The Forgotten Man starts with the story of a boy named William Troeller who hangs himself rather than asking for food. In some of the accounts it even says that he ate two grapes and then he hung himself, rather than ask for food. And the striking thing was that this did not happen early in the depression. This did not happen in the England of Dickens, or in the United States at the beginning of the Great Depression. This happened rather in 1937 or 1938. So that was news, that the Depression within the Depression was so bad, and it seemed important. The recovery disappeared or, to put it more precisely, the recovery chose to stay away. Industrial production went down more than 60 percent. Non-durable production slowed. The stock market dropped. The stock market prices fell 40 percent, and then they fell another 10 percent. The unemployment rate went way up. By some measures it went from around 12 percent up towards 20 percent. So what's happening? Gene Smiley, who was a professor at Marquette, details this factually in his crucial book, Rethinking the Great Depression. Some of these factors had to do with a new sense of a caution. The government was afraid of inflation. So policy was often "too tight." Washington was also afraid that banks would fail. So it said banks especially should have more reserve so that they'll pass all the stress tests, to put it in modern language. And the banking act of 1935 gave the feds the authority to raise reserve requirements. Federal authorities said, this won't matter, and it won't be contraction because the banks have already accumulated lots of reserves now—they are concerned about a repeat of the early 1930s. The point is they wanted a great cushion between them and failure. But what did the banks do when the government increased requirements? They took it as a signal to accumulate yet more reserves. So it's like you pay someone to put their seatbelt on and they already have their seatbelt on. Well they put on a second seatbelt. What else kept recovery away? High labor costs. This was a fact that was discussed thoroughly at the time, but less since. We think that the Wagner Act, which is our great labor law of 1935, is benign and good. But in fact, it gave John L. Lewis, the great labor leader, the authority to bully, which he did, and wages went up higher than companies could afford. And therefore, companies had more trouble. The Forgotten Man is a narrative book, but there are two economists who document this labor cost disadvantage thoroughly and technically. One is Harold Cole at University of Pennsylvania, and the other is his partner, Lee Ohanian at UCLA. Ohanian recently noted in Senate testimony that total hours worked per hour were 20 percent below their 1929 level at the end of the 1930s. So, wow, they made labor more expensive during a downturn and thereby increased unemployment. This was the decade that lived the phrase "nice work if you can get it."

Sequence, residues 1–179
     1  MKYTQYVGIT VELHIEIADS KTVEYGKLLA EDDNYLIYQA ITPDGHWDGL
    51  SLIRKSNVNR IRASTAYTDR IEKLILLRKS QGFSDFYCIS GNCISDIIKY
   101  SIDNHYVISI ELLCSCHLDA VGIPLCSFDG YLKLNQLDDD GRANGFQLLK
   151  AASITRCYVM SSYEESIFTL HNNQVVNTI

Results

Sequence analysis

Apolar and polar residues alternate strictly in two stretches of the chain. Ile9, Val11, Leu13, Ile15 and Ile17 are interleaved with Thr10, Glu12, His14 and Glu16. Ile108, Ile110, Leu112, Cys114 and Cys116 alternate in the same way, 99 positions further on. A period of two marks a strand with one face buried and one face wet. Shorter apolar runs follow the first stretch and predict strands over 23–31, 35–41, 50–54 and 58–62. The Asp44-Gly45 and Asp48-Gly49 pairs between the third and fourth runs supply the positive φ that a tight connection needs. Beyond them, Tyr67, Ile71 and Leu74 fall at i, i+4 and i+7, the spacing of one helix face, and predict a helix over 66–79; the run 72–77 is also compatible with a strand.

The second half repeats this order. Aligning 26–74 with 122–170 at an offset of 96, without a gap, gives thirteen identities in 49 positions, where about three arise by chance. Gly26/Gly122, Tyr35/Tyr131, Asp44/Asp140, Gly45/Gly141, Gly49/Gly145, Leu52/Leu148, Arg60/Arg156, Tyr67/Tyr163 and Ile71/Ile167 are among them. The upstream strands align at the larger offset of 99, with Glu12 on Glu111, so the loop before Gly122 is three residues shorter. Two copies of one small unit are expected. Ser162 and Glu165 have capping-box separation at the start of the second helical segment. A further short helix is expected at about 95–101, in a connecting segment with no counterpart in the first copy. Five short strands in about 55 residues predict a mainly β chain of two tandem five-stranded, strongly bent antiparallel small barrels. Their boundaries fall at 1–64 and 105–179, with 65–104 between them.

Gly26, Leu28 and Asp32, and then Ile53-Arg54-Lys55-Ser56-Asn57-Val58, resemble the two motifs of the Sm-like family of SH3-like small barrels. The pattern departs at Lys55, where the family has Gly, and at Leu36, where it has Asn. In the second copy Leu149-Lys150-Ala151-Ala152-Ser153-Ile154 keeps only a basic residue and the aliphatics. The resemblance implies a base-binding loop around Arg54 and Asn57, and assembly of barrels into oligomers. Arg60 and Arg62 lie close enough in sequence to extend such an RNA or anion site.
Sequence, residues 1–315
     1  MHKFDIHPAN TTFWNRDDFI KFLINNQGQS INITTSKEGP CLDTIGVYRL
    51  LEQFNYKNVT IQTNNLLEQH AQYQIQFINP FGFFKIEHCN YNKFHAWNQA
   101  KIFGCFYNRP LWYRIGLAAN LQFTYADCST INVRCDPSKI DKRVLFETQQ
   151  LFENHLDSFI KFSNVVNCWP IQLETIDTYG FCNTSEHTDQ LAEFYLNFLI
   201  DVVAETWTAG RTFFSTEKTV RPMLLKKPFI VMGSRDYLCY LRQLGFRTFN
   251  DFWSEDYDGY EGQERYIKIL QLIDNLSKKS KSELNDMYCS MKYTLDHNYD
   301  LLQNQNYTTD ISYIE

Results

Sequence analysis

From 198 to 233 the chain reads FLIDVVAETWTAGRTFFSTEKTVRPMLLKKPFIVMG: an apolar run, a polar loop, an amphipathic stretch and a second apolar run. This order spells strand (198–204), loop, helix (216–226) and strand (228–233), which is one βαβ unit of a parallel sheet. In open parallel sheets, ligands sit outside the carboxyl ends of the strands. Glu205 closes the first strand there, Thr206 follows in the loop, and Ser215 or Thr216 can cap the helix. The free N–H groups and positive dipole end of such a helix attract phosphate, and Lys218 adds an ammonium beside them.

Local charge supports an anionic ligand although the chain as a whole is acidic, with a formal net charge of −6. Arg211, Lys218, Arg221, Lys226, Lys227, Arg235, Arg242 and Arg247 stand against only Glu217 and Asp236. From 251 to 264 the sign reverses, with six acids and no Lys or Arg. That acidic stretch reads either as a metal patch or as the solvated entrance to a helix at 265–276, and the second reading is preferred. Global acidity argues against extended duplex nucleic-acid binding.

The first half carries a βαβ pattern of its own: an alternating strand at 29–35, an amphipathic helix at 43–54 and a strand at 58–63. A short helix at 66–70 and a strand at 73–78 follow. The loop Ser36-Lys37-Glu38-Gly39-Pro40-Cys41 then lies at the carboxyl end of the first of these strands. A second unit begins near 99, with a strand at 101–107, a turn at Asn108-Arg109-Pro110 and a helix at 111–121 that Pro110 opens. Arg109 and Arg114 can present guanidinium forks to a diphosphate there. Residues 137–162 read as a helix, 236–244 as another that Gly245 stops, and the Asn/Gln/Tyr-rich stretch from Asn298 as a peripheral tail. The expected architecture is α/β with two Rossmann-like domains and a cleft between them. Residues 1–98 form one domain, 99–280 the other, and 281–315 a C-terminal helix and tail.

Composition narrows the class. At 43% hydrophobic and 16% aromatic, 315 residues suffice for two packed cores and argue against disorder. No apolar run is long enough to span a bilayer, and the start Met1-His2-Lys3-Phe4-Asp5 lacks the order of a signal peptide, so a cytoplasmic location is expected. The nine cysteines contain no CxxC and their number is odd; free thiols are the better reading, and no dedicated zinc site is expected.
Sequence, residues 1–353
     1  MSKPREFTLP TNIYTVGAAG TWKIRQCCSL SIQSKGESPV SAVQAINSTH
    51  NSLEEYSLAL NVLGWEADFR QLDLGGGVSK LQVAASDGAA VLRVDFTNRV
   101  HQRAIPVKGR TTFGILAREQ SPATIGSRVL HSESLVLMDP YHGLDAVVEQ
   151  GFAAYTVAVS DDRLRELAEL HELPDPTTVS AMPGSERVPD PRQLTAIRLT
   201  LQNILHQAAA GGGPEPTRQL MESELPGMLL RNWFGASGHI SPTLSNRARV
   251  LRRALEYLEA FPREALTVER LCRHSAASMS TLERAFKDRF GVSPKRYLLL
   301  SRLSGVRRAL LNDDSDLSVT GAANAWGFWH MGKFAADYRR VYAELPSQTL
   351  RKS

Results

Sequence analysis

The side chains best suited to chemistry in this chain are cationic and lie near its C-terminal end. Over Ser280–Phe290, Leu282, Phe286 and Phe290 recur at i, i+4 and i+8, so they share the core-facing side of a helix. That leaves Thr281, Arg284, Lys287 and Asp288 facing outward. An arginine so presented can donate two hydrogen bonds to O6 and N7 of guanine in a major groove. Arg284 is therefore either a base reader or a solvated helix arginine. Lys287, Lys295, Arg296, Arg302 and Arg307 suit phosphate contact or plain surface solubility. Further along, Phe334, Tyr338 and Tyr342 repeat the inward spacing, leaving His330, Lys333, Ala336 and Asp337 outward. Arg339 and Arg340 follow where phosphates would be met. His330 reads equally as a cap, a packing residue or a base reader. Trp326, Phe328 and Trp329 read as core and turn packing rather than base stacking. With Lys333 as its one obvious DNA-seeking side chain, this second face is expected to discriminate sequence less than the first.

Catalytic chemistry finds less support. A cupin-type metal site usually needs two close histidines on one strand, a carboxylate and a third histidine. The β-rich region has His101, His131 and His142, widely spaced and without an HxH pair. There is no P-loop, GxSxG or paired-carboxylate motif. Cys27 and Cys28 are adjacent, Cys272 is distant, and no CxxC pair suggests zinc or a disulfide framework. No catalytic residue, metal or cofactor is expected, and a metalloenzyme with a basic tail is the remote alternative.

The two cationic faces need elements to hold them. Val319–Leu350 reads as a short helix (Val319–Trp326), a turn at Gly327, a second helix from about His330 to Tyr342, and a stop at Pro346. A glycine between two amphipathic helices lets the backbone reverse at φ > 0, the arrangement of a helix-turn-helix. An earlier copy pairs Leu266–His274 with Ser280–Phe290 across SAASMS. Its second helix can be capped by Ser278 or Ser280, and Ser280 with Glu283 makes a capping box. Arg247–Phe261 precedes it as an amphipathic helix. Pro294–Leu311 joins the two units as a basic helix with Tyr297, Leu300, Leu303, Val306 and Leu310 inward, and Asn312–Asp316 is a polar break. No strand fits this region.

How much has Depression-era literature, such as John Steinbeck's, The Grapes of Wrath, shaped our views of the New Deal?